Last July my family went to southern Utah to visit a number of places (gravesites, homes, etc.) that had a connection to our family history.  One of these places was Palisade Park.  I had heard many times the story that one of our ancestors, a man named Daniel Buckley Funk (his picture above), had created a lake.


On this trip my father brought a book of family history, compiled and edited by my grandmother, June Barton Bartholomew.  The book is titled “Musig Family Tree Roots and Branches.”

While on this trip I read a bit about this man, and found him to be quite an interesting person.

Daniel Buckley Funk was born on February 22, 1820 in Montgomery County, Pennsylvania. He came from Pennsylvania Dutch stock, people who were Anabaptists and Mennonites.  His great grandfather, Bishop Christian Funk, had created controversy and a schism among the Mennonites, because he supported the American side in the Revolutionary War (the Mennonites believed in non-violence and wanted to remain neutral).

Daniel Buckley Funk was in Illinois when the Latter-day Saints were driven west from New York State. He joined the church in February 1843, baptized and confirmed by Newel Knight. While in Quincy, Illinois he married Mariah De Mill, daughter of Anna Knight (daughter of Joseph Knight, Sr.) and Freeborn De Mill.  He was ordained an elder by Lorenzo Snow and traveled with the Lorenzo Snow Company to the Salt Lake Valley, arriving there September 21, 1848.

Below are some extended quotes from the family history we have that describe the story of the creation of this lake:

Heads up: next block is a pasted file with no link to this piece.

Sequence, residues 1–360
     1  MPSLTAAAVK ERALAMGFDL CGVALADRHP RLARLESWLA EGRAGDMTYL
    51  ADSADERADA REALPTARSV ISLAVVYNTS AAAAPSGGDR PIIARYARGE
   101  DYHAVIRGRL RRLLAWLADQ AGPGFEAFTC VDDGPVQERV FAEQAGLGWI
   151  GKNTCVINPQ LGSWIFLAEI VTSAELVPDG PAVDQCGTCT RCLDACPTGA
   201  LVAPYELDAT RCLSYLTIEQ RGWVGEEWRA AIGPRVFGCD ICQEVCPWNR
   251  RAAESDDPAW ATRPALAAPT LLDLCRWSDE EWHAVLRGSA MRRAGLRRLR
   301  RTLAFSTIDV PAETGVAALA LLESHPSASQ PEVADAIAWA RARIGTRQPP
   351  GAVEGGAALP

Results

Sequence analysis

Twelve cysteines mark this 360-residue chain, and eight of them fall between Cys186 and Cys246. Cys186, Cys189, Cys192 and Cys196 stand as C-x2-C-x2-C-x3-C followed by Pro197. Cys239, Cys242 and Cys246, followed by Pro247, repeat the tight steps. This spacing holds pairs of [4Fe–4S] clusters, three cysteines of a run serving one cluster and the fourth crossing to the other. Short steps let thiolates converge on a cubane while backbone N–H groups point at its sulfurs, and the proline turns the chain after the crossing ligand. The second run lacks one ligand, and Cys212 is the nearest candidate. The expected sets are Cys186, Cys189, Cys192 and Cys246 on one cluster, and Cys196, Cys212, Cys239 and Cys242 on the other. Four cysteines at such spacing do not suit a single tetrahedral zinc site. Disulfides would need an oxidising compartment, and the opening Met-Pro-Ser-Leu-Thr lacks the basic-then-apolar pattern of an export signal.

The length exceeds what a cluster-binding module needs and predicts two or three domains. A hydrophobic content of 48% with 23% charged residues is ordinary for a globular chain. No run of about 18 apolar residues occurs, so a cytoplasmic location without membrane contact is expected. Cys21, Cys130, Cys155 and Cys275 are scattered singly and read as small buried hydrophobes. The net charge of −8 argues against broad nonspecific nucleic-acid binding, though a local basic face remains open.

“Daniel and family were called with fifty picked families to go to Manti, where Chief Arropine had asked the white men to settle.

While making a trip to Six Mile Canyon one morning, Daniel noticed a basin surrounded on three sides by mountains.  This basin was about two miles east of Sterling and six miles south of Manti.  Chief Arropine and his Indians were breaking their winter camp, to go to their summer home.  Daniel noticed that no water ran into this basin, but he thought that if it were possible to overcome that difficulty, it would be a wonderful place for a pleasure resort.  Surveying the land, Daniel found that if he made a ditch from the head of Six Mile Canyon along the side of the mountain, through rock and brush to the south side of the mountain, he could get water into the basin.

He got in touch with President Brigham Young, who said, “The people need a place to go where they can forget their work and problems.”  With President Young’s help, Daniel bought the valley and got a deed signed by Chief Arropine for this basin and surrounding land.  He sold his two homes in Manti, moved his families to where he intended to build the lake, and leased his farm to his son Ezra.”

Daniel and some of his sons worked on that ditch to bring water into the basin for a long time.  When they came to the rock ledge Daniel fastened iron hooks into the face of the ledge to which he hung a wooden flume.  Later, when the flume collapsed, he dug a ditch through solid rock.  The water kept breaking through and ran down the mountainside.  Daniel and his sons hauled straw, sandbags, and rocks to dam it.

While Daniel was working on the ditch, often Indians stood around laughing at the white man trying to make water run up hill.  They would say, “Water no go up hill; Dan Funk beeg [sic] man, but no can do.”  Daniel paid no attention to the scoffing of the Indians or the doubts of the white people.  With what tools he could get, he and his sons kept working on the ditch.